Australian dock workers strike against threatened 60 percent wage cut
6 April 2018
About 145 dock workers in Melbourne yesterday began a four-day strike opposing a provocative move by their employer, Qube Ports, to junk an existing enterprise bargaining agreement and impose minimum award conditions. If successful, this would amount to a wage cut of as much as 60 percent, as well as the elimination of restrictions on unsafe shift lengths.
Qube Ports is a billion-dollar investment conglomerate that has taken over other dock companies in recent years, including P&O Automotive and General Stevedoring (2012) and Patrick (2016). Its drive to cut wages and conditions forms part of a wider corporate offensive against workers.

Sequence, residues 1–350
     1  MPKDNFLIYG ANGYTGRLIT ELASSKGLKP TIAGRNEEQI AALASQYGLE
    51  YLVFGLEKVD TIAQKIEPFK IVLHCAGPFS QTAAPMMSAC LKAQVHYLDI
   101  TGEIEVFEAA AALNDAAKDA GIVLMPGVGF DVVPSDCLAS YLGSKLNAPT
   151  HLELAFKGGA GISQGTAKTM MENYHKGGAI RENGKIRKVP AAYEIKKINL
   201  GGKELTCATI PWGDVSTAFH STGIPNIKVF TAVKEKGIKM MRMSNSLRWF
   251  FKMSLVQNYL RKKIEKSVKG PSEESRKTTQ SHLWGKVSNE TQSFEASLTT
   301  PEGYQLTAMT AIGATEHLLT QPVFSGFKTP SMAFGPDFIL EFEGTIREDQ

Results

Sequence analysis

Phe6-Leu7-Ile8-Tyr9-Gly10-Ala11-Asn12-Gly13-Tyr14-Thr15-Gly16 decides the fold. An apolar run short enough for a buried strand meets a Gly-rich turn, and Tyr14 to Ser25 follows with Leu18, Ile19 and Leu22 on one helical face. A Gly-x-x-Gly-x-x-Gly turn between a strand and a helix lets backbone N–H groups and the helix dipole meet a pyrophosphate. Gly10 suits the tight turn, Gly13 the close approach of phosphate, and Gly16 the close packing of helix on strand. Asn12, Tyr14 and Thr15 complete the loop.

Qube’s attacks on port workers have proceeded within the framework of the “Fair Work” industrial legislation imposed by the previous federal Labor government with the backing of the entire trade union apparatus, including the Maritime Union of Australia (MUA), which is now a division of the newly-formed Construction Forestry Maritime Mining and Energy Union.
Qube Ports director Michael Sousa recently indicated the close collaboration between the company and the unions. He told the Australian newspaper that Qube had spent the last two-and-a-half years “negotiating” with the MUA, including 43 different meetings with union officials.
The MUA called the four-day strike after Qube applied to the Fair Work Commission, the federal industrial tribunal, to terminate the existing agreement and “renegotiate a new enterprise agreement in line with the award.”
Reporting on the Qube application yesterday, the Australian stated: “If successful, it would be the first time an agreement has been terminated on the nation’s wharves.” This…